The mini-miracle of 2007’s hit musical “Once” was perhaps not so much of a surprise after all. Director John Carney took well-established Irish rock stars from the band The Frames (himself a former member) and made a simple movie without much of a plot and with much of Glen Hansard’s already classic music front and center.
But the fact that the movie had great music was really only half the battle. Everything about “Once” seemed cobbled together on the fly. Its look was a rough, documentary realism style and the dialogue was so bare bones it may as well have been improvised. And above all, the chemistry and romance between its two stars, Hansard and Marketa Irglova, felt genuine in both its journey and its outcome.
John Carney’s latest film “Begin Again” seems inspired by that makeshift attitude. It’s a story about working with what you’ve got and simply letting the magic happen. This time around, Carney is working with A-list actors, a pop-rock superstar and a budget that must dwarf what he had on “Once”. Yet when we see Keira Knightley singing into pantyhose with a wire inside or Maroon 5’s Adam Levine playing ping-pong, he’s found the magic again by making it feel real.
“Begin Again” is a charming, romantic musical that feels down-to-Earth and likeable because it starts with the music and gets at the magic later. The story isn’t indie or minimalist but always feels low-key and subtle. It’s the story of hapless record producer Dan (Mark Ruffalo) forced out of his company by his former partner (Mos Def). Carney spares us the specifics of his fall and tells the story backwards, filling in the narrative of his alcoholism, his breakup with his wife (Catherine Keener) and his distance from his daughter (Hailee Steinfeld) as it goes.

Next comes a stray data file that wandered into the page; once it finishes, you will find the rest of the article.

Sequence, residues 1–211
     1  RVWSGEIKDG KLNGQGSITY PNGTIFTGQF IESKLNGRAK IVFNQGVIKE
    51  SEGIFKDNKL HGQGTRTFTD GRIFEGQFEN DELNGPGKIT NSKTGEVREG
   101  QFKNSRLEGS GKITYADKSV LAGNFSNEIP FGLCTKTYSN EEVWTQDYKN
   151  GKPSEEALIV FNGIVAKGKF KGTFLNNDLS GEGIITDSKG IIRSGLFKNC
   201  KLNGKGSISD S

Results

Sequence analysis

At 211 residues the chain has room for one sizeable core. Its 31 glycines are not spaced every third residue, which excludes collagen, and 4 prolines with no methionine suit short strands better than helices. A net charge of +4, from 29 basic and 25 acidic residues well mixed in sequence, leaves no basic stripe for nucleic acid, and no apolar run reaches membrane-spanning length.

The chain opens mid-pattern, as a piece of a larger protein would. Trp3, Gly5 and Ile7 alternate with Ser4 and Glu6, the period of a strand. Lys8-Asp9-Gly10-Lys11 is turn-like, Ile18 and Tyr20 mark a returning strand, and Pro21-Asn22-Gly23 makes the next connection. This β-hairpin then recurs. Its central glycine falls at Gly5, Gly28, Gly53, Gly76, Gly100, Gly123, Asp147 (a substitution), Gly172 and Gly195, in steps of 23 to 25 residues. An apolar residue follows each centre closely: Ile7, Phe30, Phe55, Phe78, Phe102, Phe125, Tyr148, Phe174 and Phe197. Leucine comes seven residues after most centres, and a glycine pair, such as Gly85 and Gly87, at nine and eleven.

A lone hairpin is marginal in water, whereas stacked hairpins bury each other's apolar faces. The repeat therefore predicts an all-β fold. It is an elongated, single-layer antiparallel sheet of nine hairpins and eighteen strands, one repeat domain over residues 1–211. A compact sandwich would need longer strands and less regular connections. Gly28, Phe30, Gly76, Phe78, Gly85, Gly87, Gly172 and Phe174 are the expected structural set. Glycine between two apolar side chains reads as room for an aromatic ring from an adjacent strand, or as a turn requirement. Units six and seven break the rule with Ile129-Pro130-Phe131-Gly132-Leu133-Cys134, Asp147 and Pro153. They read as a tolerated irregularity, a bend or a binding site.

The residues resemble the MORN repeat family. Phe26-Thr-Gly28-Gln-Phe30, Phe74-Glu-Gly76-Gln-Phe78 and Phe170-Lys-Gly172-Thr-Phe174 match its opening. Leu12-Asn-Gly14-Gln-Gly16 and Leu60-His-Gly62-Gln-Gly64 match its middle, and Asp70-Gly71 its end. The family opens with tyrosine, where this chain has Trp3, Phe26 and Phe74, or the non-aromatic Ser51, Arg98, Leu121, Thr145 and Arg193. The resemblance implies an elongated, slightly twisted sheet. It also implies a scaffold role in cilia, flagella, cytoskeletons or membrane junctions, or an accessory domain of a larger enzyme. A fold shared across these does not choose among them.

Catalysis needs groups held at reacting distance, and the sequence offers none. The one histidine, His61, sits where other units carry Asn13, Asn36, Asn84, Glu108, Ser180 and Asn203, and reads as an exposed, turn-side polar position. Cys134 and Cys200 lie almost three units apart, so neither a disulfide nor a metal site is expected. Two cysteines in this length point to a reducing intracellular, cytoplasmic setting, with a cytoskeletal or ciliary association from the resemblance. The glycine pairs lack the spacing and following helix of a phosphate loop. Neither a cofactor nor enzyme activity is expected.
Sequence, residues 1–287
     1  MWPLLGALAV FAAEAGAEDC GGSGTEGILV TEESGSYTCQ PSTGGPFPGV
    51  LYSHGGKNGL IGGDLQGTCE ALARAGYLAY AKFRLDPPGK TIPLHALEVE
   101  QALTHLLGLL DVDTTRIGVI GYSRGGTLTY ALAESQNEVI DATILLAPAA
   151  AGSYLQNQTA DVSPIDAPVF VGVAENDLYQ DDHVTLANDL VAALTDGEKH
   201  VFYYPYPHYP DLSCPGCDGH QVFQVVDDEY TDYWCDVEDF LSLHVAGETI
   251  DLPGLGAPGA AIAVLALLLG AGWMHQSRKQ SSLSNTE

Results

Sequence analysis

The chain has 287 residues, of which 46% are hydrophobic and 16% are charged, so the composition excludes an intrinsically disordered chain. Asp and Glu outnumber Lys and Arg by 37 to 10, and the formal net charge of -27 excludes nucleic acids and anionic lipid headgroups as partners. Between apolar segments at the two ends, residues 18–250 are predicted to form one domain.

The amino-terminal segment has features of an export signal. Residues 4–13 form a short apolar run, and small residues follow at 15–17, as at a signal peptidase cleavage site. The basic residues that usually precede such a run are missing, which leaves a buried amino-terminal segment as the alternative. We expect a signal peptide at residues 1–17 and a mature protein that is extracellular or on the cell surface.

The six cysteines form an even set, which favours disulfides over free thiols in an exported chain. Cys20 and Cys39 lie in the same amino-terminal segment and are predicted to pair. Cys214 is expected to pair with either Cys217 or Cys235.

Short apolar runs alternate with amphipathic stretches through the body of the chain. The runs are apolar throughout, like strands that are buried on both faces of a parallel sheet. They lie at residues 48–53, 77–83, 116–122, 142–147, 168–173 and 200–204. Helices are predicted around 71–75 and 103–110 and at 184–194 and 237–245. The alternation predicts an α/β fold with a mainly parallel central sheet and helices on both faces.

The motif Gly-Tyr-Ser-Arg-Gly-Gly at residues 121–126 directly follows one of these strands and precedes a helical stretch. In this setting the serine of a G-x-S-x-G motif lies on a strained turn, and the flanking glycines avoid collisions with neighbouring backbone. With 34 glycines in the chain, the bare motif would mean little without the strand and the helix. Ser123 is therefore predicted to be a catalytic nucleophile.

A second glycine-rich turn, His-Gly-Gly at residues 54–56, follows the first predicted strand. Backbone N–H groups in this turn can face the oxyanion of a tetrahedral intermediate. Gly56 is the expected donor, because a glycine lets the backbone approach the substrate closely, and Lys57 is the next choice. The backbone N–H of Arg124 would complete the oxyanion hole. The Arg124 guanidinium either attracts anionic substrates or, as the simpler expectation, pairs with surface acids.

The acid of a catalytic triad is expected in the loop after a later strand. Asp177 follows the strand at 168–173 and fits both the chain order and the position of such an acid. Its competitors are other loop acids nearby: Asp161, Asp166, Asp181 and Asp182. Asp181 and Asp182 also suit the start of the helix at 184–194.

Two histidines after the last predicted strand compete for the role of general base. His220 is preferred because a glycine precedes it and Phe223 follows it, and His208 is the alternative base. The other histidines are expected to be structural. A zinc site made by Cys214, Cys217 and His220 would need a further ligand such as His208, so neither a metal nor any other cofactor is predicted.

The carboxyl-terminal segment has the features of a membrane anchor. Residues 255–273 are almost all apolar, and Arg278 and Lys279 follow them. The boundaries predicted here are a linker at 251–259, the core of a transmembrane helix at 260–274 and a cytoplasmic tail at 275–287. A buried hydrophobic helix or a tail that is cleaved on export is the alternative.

Dan stumbles into a bar and hears Gretta (Knightley) performing an acoustic song to a crowd too bored to listen, and in his drunken state he hears an arrangement all around her, the instruments literally coming to life on their own in a mini moment of fantasy. Gretta came to New York with her boyfriend Dave Kohl (Levine), but shortly after finally finding his own music stardom, he’s dumped her and moved on to a new rock star life.
The two of them decide that with no money and no studio space, they’ll record an album outdoors in the streets, parks, alleys and rooftops of New York. It frees up Carney’s visuals wonderfully, but it also feels plucky and charming enough to believe. Knightley’s singing voice is serviceable, but she’s perfect casting in the way she dons a no BS attitude and every-woman normalcy, melting into the endearing tomboy she hasn’t played since “Bend it Like Beckham.”
Knightley also anchors one of “Begin Again’s” best scenes. Gretta finds herself in a drunken zone and writes a touching break-up song on the fly, then performs it on her ex’s voicemail. The song and the scene are so simple and it happens in a whirl, but Carney’s documentary style combined with just a little polish and prettiness makes it an authentic movie gem.
“Begin Again” would be likeable enough with the songs and the performances alone, but it has the dignity to not make a parody out of Adam Levine’s character and bring him back just when he seemed to be written out of the movie altogether. It has the depth to provide a real backstory and redemption arc for Dan. And just like “Once” before it, it has the audacity to not end in an easy romantic cliché.
Cee Lo Green has a small cameo in the film in which he raps a line, “You’re only as strong as your next move.” Here’s hoping Carney’s next is as strong as this one.
3 ½ stars